194 Department of External Affairs to Forsyth
Cablegram 122, CANBERRA, 26 February 1948, 4.10 p.m.
Following message has been communicated to New Zealand Prime Minister from the Minister. Your attention is drawn particularly to final paragraph.
'Thank you for your message through your Acting High Commissioner regarding administrative union between New Guinea and Papua.
I share your view of course that we should do everything possible to ensure that the Council will be a body capable of discharging the highly important role we envisaged for it at San Francisco.
So far as the particular question of administrative union between New Guinea and Papua is concerned there are no details yet available on the precise nature of the union. We have made a decision to place the Territories in administrative union and are now engaged upon examination of the details of an appropriate administrative structure. We shall of course communicate to the Council at a later stage a full account of the steps taken to effect the required administrative structure.
You refer to possible United States reference to Permanent Mandates Commission's attitude in the case of administrative union of Tanganyika with neighbouring territories. Study of the minutes of the twenty-third Session reveals general agreement amongst the Commissioners that the Commission could only express an opinion on measures taken by a mandatory power in applying an article in the Tanganyika Mandate authorising administrative union, after these measures had come into force (refer particularly page 40 of the minutes). Tanganyika, furthermore, was a special case in that the mandatory power had given a specific and formal undertaking not to take any further action on closer union in East Africa before the Permanent Mandates Commission had an opportunity to consider any decision to proceed with the implementation of such a plan.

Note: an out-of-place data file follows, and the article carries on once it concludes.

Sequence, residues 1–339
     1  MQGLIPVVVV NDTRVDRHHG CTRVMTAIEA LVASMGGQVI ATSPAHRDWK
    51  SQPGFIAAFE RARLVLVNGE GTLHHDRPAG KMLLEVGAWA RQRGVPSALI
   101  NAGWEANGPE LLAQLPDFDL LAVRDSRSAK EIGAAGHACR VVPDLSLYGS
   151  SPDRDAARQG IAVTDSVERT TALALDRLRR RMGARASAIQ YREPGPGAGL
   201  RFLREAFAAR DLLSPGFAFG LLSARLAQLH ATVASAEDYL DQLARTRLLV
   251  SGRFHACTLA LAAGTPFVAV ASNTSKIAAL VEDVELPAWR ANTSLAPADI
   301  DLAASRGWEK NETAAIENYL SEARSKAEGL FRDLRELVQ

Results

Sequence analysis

There would presumably be nothing to prevent an administering authority seeking the view of the Trusteeship Council prior to implementation of any administrative plan if it so desired.
We are convinced, however, that the establishment of administrative union between New Guinea and Papua is in the interests of the Trust Territory and will assist us materially in meeting our primary objective in the territories namely the advancement and welfare of the inhabitants and the attainment of all the objectives of Chapters XI and XII of the Charter including so far as the Trust Territory is concerned the political aims described in Article 76(b). We do not feel it is either necessary or desirable to seek the views of the Council before proceeding with our decision to place New Guinea in administrative union with Papua. We, of course, value the views of the Council at all times and in this instance we will welcome the view of the Council at this meeting as to any special features that it would wish to see incorporated in our plans especially such provisions as will ensure the retention by New Guinea of its separate identity.
It seems that we are in agreement. We hope then to receive your fullest support and are instructing our representative to consult closely with your representative in New York.'
[AA : A1838, 306/2/1, I]